La Crosse-area leaders chosen for Thriving Earth Exchange
LA CROSSE (WKBT) — A new partnership will pave the way for environmental change in our community.
The Thriving Earth Exchange connects local governments with university science resources. In Wisconsin, leaders are connected with scientists at UW-Madison.
Local leaders are working for environmental change.
“There’s so much work to be done,” said Lewis Kuhlman, who works with the city of La Crosse.
This new partnership will help leaders take steps toward progress.
“Having the opportunity to work with specific researchers and scientists on an area that needs deeper study is a really great opportunity,” Kuhlman said.
The city is considering multiple projects, with the first being addressing city temperature differences. Kuhlman acknowledged the noticeable temperature difference between greenspace and areas without trees in the city.
“What areas would most benefit from addressing this urban heat island effect?” Kuhlman said.
The city also plans to research improving the La Crosse River Marsh.
“What can we do in the marsh to reduce some of those impacts elsewhere?” Kuhlman said.
Chosen separately, La Crosse’s Jamie O’Neill will work to research playground surfaces.
“Rubber tire chips that get mulled up — they produce a lot of heat,” O’Neill said.
That heat, O’Neill said, has a negative impact on the environment.
Through research, she hopes to learn the impact of those surfaces and determine what could be used instead.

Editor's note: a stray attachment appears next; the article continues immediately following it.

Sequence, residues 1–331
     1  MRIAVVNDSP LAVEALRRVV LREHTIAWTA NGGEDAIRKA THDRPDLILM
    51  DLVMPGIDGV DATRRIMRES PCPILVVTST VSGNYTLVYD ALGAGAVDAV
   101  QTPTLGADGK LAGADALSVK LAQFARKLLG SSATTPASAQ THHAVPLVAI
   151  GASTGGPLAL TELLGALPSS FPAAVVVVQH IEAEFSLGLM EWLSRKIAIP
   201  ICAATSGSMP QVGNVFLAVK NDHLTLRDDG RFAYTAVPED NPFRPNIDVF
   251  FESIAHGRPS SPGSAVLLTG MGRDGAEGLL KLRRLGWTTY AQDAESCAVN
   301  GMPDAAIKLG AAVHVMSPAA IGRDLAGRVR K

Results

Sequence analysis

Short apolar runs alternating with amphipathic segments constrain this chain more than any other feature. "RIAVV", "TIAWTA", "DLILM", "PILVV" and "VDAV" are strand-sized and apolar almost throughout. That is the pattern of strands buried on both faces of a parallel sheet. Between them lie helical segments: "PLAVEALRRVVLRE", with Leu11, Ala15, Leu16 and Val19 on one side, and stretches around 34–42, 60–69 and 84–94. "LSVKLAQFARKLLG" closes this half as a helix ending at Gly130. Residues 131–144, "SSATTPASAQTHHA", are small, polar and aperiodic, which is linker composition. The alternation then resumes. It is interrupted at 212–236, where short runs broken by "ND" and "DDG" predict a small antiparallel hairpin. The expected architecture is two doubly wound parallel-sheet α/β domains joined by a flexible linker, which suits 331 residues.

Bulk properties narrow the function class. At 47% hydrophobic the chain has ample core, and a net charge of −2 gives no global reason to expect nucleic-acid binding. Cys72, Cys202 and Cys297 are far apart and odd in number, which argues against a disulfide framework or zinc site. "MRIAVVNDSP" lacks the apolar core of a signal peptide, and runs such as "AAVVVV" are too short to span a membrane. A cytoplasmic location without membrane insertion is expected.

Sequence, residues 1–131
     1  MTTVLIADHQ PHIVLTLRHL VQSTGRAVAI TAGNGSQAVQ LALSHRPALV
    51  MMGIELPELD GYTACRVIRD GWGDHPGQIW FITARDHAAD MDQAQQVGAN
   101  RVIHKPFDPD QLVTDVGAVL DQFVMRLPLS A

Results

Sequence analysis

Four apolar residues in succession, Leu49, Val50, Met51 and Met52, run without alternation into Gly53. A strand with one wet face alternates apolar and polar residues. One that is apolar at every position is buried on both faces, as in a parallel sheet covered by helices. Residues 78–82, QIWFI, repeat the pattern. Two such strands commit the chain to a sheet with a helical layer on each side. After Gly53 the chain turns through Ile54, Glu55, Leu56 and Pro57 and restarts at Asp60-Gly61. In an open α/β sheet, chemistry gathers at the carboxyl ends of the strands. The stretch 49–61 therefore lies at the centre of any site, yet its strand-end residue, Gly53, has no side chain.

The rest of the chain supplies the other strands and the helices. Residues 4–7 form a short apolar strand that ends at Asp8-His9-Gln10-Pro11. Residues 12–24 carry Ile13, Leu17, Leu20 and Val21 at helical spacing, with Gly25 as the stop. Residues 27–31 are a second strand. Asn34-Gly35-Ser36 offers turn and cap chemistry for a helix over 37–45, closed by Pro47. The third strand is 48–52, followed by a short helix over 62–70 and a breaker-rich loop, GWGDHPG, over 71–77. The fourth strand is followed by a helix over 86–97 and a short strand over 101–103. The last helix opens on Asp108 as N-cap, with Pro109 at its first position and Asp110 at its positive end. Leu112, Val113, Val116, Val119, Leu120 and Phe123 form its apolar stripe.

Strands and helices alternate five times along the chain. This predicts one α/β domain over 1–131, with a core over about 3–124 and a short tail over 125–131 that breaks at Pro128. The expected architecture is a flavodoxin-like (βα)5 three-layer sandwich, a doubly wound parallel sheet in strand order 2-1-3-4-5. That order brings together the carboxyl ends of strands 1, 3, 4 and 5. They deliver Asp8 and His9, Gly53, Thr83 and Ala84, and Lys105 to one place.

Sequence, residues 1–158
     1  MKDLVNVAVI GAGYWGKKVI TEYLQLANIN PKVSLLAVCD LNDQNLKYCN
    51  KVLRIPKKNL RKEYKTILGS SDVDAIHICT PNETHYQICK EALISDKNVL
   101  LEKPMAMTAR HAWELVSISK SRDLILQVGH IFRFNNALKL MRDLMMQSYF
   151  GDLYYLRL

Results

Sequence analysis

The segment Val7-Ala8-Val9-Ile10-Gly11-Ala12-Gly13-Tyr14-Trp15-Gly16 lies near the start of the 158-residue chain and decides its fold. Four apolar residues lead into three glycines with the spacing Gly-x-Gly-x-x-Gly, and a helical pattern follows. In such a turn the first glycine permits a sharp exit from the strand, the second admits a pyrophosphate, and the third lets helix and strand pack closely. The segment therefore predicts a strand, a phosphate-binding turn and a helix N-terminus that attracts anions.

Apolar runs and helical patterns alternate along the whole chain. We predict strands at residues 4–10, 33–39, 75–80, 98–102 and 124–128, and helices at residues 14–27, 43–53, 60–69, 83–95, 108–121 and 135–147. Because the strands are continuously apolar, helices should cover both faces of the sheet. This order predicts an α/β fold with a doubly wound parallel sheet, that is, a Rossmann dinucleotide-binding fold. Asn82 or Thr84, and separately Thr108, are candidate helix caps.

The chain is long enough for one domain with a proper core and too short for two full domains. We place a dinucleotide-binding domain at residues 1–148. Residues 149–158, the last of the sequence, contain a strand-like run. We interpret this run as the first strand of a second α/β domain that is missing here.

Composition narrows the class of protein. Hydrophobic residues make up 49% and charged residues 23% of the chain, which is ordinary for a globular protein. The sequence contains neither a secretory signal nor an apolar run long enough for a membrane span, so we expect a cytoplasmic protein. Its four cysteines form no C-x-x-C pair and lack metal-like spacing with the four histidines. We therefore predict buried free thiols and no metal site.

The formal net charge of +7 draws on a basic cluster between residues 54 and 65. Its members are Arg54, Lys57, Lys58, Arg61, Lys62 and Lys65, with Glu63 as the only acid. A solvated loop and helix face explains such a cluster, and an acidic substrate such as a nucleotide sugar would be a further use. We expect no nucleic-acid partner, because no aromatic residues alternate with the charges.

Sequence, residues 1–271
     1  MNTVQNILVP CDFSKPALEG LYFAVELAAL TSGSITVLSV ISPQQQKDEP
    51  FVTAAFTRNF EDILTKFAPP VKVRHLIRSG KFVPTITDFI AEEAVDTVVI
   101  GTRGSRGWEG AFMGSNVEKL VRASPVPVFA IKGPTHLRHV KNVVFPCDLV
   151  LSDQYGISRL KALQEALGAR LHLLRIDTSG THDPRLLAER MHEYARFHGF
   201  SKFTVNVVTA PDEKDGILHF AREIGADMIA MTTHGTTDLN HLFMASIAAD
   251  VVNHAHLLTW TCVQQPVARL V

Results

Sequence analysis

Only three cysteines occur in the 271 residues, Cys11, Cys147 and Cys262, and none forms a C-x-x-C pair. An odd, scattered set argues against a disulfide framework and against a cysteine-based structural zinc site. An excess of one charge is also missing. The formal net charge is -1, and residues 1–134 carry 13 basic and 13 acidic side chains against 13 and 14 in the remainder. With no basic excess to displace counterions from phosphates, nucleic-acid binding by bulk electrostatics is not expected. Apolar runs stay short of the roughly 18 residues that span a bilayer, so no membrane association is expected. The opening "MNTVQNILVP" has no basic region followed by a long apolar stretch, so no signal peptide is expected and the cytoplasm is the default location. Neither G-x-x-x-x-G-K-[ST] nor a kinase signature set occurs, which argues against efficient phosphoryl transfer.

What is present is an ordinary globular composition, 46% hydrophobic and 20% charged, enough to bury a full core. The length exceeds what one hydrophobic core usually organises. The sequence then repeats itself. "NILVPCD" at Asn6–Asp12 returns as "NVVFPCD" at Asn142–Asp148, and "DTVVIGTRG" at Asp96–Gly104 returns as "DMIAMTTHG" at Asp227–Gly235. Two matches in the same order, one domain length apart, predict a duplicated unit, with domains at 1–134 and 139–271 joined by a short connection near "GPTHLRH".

“This is needed here because we really want to make sure we’re making informed decisions going forward,” O’Neill said.
Town of Campbell council member Lee Donahue also was selected to be in the Thriving Earth Exchange.
, in the continuing battle with PFAS contamination, was also selected.
The town, which is locked in a continuing battle with PFAS contamination, is situated between two rivers. Donahue plans to work with a scientist to understand what could happen with contaminants in the future.
“We want to find out how that structure maybe affects the way that the groundwater flows,” Donahue said.
Donahue said she plans to learn from research with experts how contamination could spread.
“We have been heavily affected by PFAS contamination,” she said. “We know what it’s like to deal with it day in and day out. And quite frankly, we don’t want any other community to be affected in the way that we have.”
Together, all three leaders hope to find solutions for the future.
Two Vernon County leaders — Ben Wojahn and Monique Hassman — also were chosen to take part in the exchange.
This research work will not cost the community.
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